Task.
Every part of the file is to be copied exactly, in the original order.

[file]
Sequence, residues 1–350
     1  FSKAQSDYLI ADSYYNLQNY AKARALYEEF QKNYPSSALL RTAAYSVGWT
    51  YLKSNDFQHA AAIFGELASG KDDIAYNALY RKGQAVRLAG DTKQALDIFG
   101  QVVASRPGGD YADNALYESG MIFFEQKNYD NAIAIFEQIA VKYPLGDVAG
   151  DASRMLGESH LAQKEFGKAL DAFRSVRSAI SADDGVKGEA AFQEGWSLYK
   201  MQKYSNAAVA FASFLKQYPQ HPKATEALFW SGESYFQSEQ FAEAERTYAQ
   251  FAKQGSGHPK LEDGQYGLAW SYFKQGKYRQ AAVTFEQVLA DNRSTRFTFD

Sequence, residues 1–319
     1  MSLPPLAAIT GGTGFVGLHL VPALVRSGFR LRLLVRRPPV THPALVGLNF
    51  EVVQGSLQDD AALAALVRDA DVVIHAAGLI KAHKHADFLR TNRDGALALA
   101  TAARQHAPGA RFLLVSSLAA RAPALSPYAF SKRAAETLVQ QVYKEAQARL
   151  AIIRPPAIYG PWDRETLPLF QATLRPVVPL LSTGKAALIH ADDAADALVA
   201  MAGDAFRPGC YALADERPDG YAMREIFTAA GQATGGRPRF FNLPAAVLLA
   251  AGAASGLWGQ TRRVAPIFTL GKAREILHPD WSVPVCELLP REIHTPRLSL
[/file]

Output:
Sequence, residues 1–350
     1  FSKAQSDYLI ADSYYNLQNY AKARALYEEF QKNYPSSALL RTAAYSVGWT
    51  YLKSNDFQHA AAIFGELASG KDDIAYNALY RKGQAVRLAG DTKQALDIFG
   101  QVVASRPGGD YADNALYESG MIFFEQKNYD NAIAIFEQIA VKYPLGDVAG
   151  DASRMLGESH LAQKEFGKAL DAFRSVRSAI SADDGVKGEA AFQEGWSLYK
   201  MQKYSNAAVA FASFLKQYPQ HPKATEALFW SGESYFQSEQ FAEAERTYAQ
   251  FAKQGSGHPK LEDGQYGLAW SYFKQGKYRQ AAVTFEQVLA DNRSTRFTFD

Sequence, residues 1–319
     1  MSLPPLAAIT GGTGFVGLHL VPALVRSGFR LRLLVRRPPV THPALVGLNF
    51  EVVQGSLQDD AALAALVRDA DVVIHAAGLI KAHKHADFLR TNRDGALALA
   101  TAARQHAPGA RFLLVSSLAA RAPALSPYAF SKRAAETLVQ QVYKEAQARL
   151  AIIRPPAIYG PWDRETLPLF QATLRPVVPL LSTGKAALIH ADDAADALVA
   201  MAGDAFRPGC YALADERPDG YAMREIFTAA GQATGGRPRF FNLPAAVLLA
   251  AGAASGLWGQ TRRVAPIFTL GKAREILHPD WSVPVCELLP REIHTPRLSL